On this poignantly somber day of remembrance, our thoughts often and rightly turn to honoring some of our finest public servants, the thousands of first responders who risked so much, many of them giving their all, including their lives, in the effort to protect and to serve our fellow citizens during the violence and chaos of those hours and days as a result of the attacks of September 11th.
And so one would think it should be about as uncontroversial an issue as we could have in America today – making sure that these servants are themselves now taken care of of by us. It’s been well-documented and clearly shown how at risk health wise those who served at Ground Zero on 9/11 actually are today. Many of them continue to suffer from extreme amounts of cancer, PTSD, and other serious health issues as a result of their service during that critical time.
And yet, whether due to incompetence or mendacity (or likely various degrees of both), the GOP Trump administration has attempted to undermine the funding for the health insurance program created to cover the needs of these brave first responders, made possible through the passing of The James Zadroga Act in 2011.
This fact seems almost too bizarre, too patently villainish to be true. Yet this is indeed what the actual budget that the GOP administration and its enablers worked to ram through Congress this year would do. Do we not all understand that the caring for those that sacrificed so much that day is not an issue of right or left, but of right or wrong? It is unconscionable to think that in their efforts to find more ways to cut costs in order to pay for more tax cuts for millionaires and billionaires, that they would leave people abandoned to the destitution of need, people who sacrificed so much for us and our nation during that fateful time. (Jon Stewart accuses White House of ‘screwing’ 9/11 first responders)
But then, the Republicans it seems have never actually been that enthused about helping these people, at least not if it cost them any money. For as this report explains, many high powered Republican leaders have repeatedly voted against it, and put up a whole series of legislative roadblocks towards its passage (hypocritically arguing that our nation couldn’t afford this expensive new “entitlement” program, and yet agreeing to end the filibuster of it only if the Bush tax cuts were extended, thus further draining the public coffers). These people include Trump’s current Budget Director Mick Mulvaney, who voted to end the program while a member of Congress, and who has now made his attempts to kill it through bureaucratic restructuring with this year’s GOP budget.
Today, as we are repeatedly reminded that we should always honor these people who gave so much of themselves, it seems to me that we honor them best, most usefully and most purposefully, by serving them. By providing them the ability to live their lives in dignity, so that they should never be left in a position of desperate need materially. They’ve already given so much physically, emotionally, even spiritually, embodying what Parker Simpson described as “much of the soul of what true public service is about,” as exemplified by “the months that physically and emotionally damaged firefighters, police officers, and volunteers spent on that pile digging for survivors and remains.” It’s beyond sad that we have to continue to fight for the basic services and healthcare protections for those of our citizens who need it most. (Trump budget could gut agency that treats 9/11 first responders). And Lord knows that our 9/11 first responders have certainly earned it. A society in which the basic rights and dignity of our working citizens are provided for in this manner, especially those who worked as public servants in such a self-sacrificing manner, is what a society that puts People First is about. Unfortunately, we’re increasingly seeing the opposite today under the current culture of corruption that has overtaken our politics from the federal down through the state level. And this issue underlines the core of the self-serving rot that has metastasized within our system, when caring for even these heroes becomes a long, protracted political battle, and not just an obvious given.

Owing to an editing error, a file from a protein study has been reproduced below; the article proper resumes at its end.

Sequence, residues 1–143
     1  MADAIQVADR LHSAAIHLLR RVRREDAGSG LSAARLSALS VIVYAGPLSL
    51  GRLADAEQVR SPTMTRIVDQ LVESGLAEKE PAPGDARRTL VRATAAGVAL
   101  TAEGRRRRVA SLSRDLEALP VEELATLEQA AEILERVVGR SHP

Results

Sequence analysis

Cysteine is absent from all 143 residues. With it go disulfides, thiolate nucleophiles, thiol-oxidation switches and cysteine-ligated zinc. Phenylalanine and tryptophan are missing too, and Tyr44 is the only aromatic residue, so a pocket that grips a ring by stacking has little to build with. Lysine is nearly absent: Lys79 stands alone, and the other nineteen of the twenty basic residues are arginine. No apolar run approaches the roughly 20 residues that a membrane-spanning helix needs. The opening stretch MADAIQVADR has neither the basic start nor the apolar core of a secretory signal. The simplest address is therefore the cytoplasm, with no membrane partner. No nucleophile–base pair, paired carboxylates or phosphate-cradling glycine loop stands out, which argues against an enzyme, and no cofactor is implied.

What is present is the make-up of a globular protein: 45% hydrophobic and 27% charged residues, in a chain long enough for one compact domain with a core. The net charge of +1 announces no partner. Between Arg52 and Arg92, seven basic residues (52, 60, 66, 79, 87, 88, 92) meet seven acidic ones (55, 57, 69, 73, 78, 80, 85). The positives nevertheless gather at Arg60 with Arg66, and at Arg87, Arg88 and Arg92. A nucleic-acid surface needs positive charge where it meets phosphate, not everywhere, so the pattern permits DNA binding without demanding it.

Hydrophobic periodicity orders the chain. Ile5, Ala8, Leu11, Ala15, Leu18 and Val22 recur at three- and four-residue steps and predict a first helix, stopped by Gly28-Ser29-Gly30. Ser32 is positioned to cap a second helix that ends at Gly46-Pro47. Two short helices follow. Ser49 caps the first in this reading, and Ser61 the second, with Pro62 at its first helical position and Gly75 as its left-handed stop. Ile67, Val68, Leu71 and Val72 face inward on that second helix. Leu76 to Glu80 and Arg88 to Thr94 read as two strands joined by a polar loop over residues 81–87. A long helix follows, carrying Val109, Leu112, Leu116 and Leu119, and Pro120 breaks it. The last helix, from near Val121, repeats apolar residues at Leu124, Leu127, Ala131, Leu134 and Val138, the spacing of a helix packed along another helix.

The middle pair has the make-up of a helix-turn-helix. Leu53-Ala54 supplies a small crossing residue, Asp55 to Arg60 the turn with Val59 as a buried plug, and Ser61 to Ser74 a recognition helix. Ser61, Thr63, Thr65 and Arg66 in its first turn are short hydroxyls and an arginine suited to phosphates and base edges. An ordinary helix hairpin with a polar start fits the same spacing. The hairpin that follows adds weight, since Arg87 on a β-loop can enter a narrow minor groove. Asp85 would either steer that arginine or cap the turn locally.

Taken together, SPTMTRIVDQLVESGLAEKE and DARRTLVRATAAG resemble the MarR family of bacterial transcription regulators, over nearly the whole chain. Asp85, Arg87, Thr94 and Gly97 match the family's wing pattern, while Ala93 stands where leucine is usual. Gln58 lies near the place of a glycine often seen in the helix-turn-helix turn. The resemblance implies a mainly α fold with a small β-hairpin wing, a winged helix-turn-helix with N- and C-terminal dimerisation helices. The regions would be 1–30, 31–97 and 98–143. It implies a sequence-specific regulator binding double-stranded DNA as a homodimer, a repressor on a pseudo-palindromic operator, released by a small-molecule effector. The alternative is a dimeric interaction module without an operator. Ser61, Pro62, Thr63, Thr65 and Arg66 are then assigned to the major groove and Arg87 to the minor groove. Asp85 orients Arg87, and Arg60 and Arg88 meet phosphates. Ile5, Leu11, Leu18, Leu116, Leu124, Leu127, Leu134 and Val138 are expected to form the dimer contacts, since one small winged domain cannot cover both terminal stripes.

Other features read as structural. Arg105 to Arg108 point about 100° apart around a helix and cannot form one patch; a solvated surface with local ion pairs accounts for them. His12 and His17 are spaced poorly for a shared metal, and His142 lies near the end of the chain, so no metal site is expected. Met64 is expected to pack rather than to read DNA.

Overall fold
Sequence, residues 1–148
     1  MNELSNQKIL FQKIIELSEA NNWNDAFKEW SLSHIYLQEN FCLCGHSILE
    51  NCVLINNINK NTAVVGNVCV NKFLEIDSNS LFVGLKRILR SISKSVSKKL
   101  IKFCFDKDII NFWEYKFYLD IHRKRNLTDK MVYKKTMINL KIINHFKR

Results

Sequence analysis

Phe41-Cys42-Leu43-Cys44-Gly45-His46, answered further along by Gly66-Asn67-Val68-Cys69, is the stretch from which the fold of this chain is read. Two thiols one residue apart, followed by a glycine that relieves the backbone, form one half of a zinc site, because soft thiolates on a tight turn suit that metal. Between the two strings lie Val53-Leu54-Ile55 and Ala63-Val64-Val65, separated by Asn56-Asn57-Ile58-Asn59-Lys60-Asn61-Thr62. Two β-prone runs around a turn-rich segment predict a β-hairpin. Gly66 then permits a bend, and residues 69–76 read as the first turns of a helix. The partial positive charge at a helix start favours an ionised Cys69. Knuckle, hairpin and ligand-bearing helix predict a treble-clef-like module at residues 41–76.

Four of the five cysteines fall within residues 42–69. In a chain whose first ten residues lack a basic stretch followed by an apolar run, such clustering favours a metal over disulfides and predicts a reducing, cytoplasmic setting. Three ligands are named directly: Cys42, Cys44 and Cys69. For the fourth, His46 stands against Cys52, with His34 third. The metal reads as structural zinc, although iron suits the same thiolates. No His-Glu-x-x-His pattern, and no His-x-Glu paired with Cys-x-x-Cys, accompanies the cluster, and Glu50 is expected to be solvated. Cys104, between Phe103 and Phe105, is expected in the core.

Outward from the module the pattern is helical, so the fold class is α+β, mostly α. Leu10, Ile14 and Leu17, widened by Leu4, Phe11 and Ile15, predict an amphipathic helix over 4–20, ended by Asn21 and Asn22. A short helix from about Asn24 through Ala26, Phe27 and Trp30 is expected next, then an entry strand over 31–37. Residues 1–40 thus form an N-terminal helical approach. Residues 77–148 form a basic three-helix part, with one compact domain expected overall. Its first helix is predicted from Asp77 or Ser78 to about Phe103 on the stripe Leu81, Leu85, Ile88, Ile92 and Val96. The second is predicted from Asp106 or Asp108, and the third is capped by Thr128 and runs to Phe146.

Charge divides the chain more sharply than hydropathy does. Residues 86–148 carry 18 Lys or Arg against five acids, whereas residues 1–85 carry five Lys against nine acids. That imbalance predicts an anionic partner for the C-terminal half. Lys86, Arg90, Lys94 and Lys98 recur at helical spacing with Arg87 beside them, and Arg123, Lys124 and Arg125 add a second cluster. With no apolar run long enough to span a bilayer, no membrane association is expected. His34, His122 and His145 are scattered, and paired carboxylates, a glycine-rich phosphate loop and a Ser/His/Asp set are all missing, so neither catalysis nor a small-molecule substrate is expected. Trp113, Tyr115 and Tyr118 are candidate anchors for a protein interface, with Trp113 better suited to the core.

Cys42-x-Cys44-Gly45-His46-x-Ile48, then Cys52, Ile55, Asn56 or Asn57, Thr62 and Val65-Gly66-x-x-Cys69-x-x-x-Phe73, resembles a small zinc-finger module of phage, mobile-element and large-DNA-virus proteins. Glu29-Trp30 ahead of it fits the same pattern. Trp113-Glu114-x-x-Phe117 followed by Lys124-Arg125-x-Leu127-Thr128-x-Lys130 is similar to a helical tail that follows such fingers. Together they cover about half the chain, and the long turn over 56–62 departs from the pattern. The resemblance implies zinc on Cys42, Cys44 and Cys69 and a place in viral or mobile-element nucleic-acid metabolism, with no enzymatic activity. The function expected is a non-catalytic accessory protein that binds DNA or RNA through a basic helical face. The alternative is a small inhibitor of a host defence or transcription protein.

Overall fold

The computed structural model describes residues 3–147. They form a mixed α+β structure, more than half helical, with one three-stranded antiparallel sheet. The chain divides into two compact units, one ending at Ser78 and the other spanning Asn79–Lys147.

It is up to us to change this culture within our politics and our society. It is our collectively standing up in the spirit of unity that so many naturally felt in the face of that terrible crisis, and the humanity that was inherently triggered within us by those fateful events. It is the renewal and resurgence of that energy and an awakening to that sense of selflessness and service that can help guide us towards the way out of our current mess, and show us the way ahead as a nation.
Here’s a rundown of how things were transpiring during the budget process earlier this year, as repeated efforts by those in opposition to these cuts were rebuffed and ignored repeatedly by the current GOP administration – Citizens for the Extension of the James Zadroga Act: Coalition to Help Injured and Dying 9/11 Responders and Survivors9/11 Health Watch (Making sure our nation remembers and cares for the heroes and survivors of 9/11)
9/11 Health Watch (Making sure our nation remembers and cares for the heroes and survivors of 9/11)